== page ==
KITT wasn’t always supposed to be a Trans Am, however. A number of cars were considered (including the Datsun 280ZX Turbo) before the 3rd generation Firebirds came along. Quite a few were made for filming, including a handful of hero cars, stunt cars decked out with the bare minimum of KITT modifications, and even a mash-up of a dune buggy outfitted with a K.I.T.T. shell that was used for a number of the stunts.

One car, coated with a heavy, protective layer of polyurethane, was used whenever explosions or gunshots ricocheted around the set. The first season was filmed in its entirety with only a single hero car and two stunt cars, before the success of Knight Rider ensured a more substantial budget for future production.

KITT-Knight-Rider-hero-car-prop (Image: via Jalopnik; possible close-up car from original Knight Rider show)

Show runners also hit on something of an unfortunate jackpot; when a train delivering several loads of brand-new Trans Ams derailed, the cars on board, by law, had to be written off. They subsequently ended up as KITT cars.

Several original hero cars reportedly survive, though it’s largely unconfirmed as to where they are now. Occasionally some come up for auction, but most – like the recent 2014 auction of David Hasslehoff’s street-legal KITT – are replica cars that never appeared in Knight Rider.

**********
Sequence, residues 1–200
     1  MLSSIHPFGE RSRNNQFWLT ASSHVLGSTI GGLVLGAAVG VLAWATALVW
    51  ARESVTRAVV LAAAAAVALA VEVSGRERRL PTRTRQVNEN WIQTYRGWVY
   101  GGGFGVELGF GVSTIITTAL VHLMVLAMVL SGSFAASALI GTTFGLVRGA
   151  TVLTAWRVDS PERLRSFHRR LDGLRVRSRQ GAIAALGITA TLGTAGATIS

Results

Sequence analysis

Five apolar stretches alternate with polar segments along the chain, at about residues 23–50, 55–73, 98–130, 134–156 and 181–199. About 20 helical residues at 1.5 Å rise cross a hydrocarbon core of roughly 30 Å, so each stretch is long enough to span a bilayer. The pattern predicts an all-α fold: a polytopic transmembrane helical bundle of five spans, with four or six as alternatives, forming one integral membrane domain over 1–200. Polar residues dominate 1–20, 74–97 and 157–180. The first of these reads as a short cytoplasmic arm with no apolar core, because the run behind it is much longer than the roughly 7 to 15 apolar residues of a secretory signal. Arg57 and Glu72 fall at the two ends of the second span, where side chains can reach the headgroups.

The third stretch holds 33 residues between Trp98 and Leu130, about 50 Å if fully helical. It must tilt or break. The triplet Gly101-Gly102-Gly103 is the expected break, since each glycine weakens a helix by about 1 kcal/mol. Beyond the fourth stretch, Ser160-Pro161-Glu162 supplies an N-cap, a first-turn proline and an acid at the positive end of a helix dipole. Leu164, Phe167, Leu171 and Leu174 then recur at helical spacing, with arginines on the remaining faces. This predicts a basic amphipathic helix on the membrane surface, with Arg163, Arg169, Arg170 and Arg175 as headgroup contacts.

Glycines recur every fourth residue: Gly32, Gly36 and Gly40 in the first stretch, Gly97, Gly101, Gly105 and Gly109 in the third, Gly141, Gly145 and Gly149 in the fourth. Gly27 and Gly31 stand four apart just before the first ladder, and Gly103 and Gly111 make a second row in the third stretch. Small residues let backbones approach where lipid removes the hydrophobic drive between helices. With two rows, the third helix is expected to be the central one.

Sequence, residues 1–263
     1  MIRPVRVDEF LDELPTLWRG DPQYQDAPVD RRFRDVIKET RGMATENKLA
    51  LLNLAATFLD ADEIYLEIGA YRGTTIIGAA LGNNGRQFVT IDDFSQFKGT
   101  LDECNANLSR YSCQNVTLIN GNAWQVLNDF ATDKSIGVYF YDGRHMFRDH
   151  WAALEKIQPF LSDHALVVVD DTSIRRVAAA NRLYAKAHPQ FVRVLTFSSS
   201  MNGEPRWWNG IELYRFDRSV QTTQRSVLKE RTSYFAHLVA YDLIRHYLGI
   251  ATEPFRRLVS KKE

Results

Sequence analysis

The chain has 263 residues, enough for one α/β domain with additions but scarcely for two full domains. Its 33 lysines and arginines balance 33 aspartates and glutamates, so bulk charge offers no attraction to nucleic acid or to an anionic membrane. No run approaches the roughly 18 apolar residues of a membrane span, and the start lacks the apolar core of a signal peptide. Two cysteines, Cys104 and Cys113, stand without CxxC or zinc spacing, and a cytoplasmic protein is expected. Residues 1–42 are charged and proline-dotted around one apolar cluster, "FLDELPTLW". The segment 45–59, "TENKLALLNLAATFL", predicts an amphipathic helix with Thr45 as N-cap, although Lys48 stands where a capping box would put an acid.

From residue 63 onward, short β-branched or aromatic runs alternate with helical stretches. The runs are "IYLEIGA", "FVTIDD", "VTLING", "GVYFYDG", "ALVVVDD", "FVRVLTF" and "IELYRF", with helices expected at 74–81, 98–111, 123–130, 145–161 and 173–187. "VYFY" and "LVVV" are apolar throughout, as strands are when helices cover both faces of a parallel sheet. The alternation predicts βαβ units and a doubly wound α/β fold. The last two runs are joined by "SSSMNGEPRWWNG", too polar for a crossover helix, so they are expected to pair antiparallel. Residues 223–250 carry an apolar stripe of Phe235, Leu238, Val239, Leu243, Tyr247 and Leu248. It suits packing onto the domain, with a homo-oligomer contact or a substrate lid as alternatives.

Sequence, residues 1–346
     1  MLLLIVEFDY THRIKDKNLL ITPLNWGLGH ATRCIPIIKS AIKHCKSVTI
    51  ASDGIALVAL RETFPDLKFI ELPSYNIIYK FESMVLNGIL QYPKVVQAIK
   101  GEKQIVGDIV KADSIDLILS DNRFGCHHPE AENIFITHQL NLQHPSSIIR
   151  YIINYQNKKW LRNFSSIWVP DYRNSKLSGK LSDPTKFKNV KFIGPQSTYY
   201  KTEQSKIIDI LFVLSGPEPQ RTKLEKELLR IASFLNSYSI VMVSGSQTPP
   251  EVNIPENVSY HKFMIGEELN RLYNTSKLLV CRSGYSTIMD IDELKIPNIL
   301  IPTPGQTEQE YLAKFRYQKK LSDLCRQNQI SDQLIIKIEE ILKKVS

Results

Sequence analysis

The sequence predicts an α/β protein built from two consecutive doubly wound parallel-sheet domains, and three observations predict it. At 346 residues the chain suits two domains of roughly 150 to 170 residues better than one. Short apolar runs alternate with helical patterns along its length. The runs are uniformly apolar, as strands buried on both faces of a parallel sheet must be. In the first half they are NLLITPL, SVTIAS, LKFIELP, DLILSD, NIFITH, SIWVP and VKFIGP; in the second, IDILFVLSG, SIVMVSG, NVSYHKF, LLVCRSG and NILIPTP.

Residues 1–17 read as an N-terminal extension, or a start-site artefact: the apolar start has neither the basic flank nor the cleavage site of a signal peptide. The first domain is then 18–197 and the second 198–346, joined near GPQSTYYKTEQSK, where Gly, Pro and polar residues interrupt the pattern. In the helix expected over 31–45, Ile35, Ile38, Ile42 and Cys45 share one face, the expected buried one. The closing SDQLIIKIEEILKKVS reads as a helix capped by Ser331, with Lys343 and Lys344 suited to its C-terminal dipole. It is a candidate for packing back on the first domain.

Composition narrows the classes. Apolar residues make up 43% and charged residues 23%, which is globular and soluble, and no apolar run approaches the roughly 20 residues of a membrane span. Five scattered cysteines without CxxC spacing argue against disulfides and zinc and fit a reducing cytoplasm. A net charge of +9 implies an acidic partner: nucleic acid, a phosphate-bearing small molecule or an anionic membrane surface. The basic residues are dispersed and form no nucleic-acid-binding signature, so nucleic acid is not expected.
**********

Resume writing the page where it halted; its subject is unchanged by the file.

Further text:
If it seems like Pontiac failed to capitalize on a goldmine by not manufacturing the cars with a KITT front end and add-ons, there are a couple reasons why that never came to fruition. In addition to being afraid that someone was engage in some “don’t try this at home” stunts with it, they were so overwhelmed with requests that they eventually ordered the show to stop branding KITT as a Trans Am – which is why he’s sometimes only called a T-Top.

Ferris Bueller’s Day Off: Modena Spyder California

Modena-Spyder-California-Ferris-Bueller-hero-car-movie-prop (Image: via Auto Blog)

According to Modena Spyder designer Neil Glassmoyer, the first time John Hughes contacted him about featuring the iconic sports car in his upcoming movie, Ferris Bueller’s Day Off, Glassmoyer thought it was a joke and hung up on him. Hughes didn’t give up, though, and Glassmoyer drove one of the cars to his office for him to check out.

Needless to say, it wasn’t long before the car ended up at the centre of one of the most famous 1980s coming-of-age films, even though the original script called for a Mercedes AMG.

Three Modena Spyder California sports cars (kit-built replicas of the Ferrari 250 GT California, which at $350,000 was too expensive to wreck) were supplied to the studio, though only two appeared in Ferris Bueller’s Day Off. One kit, intended as a shell for the window sequence, was reportedly never completed and its whereabouts are unknown.

The other two did feature in the production as both hero and stunt cars, ending up battered and broken in large part due to the famous jump scene that took nine takes to complete. The kits were reportedly unpopular with the crew. One of them – supplied in kit form to be built in the studio – was so badly constructed that it was only of use for that famous window scene.